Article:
Wednesday, October 8, 2008

Capitalism and croissants

It was C's turn to buy croissants for the office this week. He stopped in at the boulangerie on the way to work. The bakery was warm and smelled like fresh bread. C and our friend the baker exchanged greetings: how is madame, how are les jumelles, how is M. Bush?

All as well as could be expected, thank you very much. And then: 30 croissants, s'il vous plaît.

The baker frowned. You need 30 croissants? If you buy all my croissants now then what am I going to tell the next customer?

C faltered. He still thinks that shops are for selling things.

He explained: they were for his colleagues.

The baker sighed. He shook his finger at C: Next time you are going to want this many croissants, call me. Tell me. Let me know, so I can make more. Otherwise, you buy all my croissants, and what do I tell the next people who come in?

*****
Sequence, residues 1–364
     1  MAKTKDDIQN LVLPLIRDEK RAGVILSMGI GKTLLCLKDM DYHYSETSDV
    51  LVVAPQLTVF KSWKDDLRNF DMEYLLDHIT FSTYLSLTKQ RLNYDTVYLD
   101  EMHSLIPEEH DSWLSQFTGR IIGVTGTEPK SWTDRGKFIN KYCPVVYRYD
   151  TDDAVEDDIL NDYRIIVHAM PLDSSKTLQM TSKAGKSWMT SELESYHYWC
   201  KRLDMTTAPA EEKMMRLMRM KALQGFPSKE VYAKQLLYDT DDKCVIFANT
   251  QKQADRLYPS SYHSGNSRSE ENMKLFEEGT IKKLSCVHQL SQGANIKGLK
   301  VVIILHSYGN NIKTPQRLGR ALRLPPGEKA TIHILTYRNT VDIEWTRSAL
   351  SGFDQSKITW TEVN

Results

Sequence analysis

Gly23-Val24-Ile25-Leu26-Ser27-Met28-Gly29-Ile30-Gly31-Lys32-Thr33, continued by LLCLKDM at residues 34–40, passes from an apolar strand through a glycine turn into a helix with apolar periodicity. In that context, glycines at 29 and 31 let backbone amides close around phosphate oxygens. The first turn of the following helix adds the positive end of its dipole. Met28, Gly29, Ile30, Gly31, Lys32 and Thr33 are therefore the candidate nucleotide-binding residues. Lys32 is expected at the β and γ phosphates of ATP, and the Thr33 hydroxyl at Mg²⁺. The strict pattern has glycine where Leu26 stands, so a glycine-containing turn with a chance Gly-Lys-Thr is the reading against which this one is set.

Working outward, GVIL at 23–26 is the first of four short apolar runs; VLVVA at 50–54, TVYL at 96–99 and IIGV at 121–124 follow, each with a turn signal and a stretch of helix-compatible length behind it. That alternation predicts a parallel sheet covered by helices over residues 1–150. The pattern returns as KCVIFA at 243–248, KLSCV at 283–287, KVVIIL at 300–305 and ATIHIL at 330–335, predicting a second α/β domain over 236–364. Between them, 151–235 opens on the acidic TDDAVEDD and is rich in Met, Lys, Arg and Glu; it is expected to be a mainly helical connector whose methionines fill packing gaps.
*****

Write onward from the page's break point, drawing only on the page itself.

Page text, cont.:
C, totally humbled now at the presumption of his request, suggested that perhaps he could take 15 pains au chocolat, and 15 croissants? Would that be plus façile?

The baker nodded. He took out a plastic bag to put the pastries in, and then, remembering that they were still warm, so warm that they would melt the plastic (it's hard, living in France, it really is), he took out a paper sack instead.

The croissants disappeared well before the 10.00 coffee break at the office. Later in the day, we saw the baker and he said that he had managed to bake a second batch of croissants, so the crisis was resolved. He had enough croissants for the later customers after all.

I'm sure that this story, in the hands of someone who had taken Economics 101 in college, could offer some insights on the Current Economic Unpleasantness: something about building relationships, not overextending, maintaining a close watch on supply and demand. I never took Econ, though, so all I can say is this: it's not about the exchange of goods, it's about the relationship. If the baker had sold out of his croissants before 8.00, what would he have told his regular 8.15 customers? His goal is not to make as much money as he can as quickly as he can, but to build lasting relationships with enough customers to be able to make a sustaining amount of money over a lifetime. And, of course, to enjoy a quick chat when the customers stop in.

Next time, we'll call ahead.

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